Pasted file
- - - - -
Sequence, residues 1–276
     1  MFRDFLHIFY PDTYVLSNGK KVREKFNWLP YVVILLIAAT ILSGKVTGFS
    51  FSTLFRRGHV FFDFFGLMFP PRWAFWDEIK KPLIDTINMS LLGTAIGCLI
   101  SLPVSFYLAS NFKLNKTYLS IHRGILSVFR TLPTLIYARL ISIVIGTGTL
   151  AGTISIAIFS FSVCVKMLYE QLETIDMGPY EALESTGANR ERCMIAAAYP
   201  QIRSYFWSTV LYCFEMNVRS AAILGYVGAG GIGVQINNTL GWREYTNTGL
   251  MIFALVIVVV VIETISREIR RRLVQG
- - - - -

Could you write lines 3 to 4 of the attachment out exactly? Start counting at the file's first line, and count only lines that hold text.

    51  FSTLFRRGHV FFDFFGLMFP PRWAFWDEIK KPLIDTINMS LLGTAIGCLI
   101  SLPVSFYLAS NFKLNKTYLS IHRGILSVFR TLPTLIYARL ISIVIGTGTL